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First Read's Morning Clips: Witness Tampering?

A roundup of the most important political news stories of the day
Roger Stone
Longtime Donald Trump associate Roger Stone arrives to testify before the House Intelligence Committee on Capitol Hill on Sept. 26, 2017.Andrew Harnik / AP

TRUMP AGENDA: Witness tampering?

Some legal experts say that Trump's praise of Roger Stone on Twitter counts as witness tampering.

If you think Trump is acting rattled now, the next few weeks could be even rougher, NBC's Ken Dilanian and Tom Winter write.

Michael Cohen has resigned himself to taking the fall for Trump and quickly confessing, the New York Times writes.

Paul Manafort tried to cut a deal with Ecuador to hand over Julian Assange.

Jerome Corsi has filed a formal complaint against Robert Mueller.

After criticism, Gina Haspel will brief senators on Jamal Khashoggi's death.

Despite a "truce," Trump has chosen trade hard-liner Robert Lighthizer to lead trade talks with China, the New York Times reports.

POLITICO writes that Trump is handling the death of George H.W. Bush with "abnormal normality."

THE DEM AGENDA: A “Hispanic problem”?

The Washington Post writes that freshman Democrats are telling their leadership to focus on legislation, not investigations.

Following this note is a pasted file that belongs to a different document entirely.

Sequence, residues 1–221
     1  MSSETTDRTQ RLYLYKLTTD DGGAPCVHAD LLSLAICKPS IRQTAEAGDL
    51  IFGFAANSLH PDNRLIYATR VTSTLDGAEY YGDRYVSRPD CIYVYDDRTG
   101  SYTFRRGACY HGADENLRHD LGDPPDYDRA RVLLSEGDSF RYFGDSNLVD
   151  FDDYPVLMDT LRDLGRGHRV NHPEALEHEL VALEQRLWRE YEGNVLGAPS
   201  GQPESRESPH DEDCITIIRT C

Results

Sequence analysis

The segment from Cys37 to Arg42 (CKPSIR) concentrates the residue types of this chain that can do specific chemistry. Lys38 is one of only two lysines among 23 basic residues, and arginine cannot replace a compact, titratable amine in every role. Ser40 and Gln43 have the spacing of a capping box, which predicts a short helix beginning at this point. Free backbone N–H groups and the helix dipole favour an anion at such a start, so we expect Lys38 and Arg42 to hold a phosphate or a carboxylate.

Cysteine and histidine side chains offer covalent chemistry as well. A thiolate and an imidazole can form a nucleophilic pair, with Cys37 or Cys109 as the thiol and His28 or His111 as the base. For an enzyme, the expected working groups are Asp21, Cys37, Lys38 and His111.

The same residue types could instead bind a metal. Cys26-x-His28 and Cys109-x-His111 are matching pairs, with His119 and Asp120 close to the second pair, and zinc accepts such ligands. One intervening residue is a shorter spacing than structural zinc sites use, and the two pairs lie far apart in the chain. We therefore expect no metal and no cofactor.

POLITICO takes a look at Democrats' "Hispanic problem."

Democrats are fuming over last-minute attempts to grab power by Republicans in Wisconsin and Michigan. (Scott Walker is signaling support for the plan in Wisconsin and trying to downplay its significance.)

Fraud allegations in NC-9 are causing confusion about what might come next after the state elections board declined to certify the results, Leigh Ann Caldwell writes.

The investigation of fraud in NC-9 centers on an operative who worked for Republican Mark Harris despite a criminal history.

Congress will punt its government shutdown deadline to December 21.

2020: Stacey Abrams is eyeing another race

Stacey Abrams is looking at running again for governor or for Senate.

One problem for presidential hopefuls? There are too many of them and not enough minority staffers, POLITICO points out.

Don't forget: New Hampshire Secretary of State Bill Gardner's fate will be decided this week.

Democrats in Iowa say they're looking for a younger presidential candidate.

And Democrats are making a big early investment in Virginia's state legislative races next year.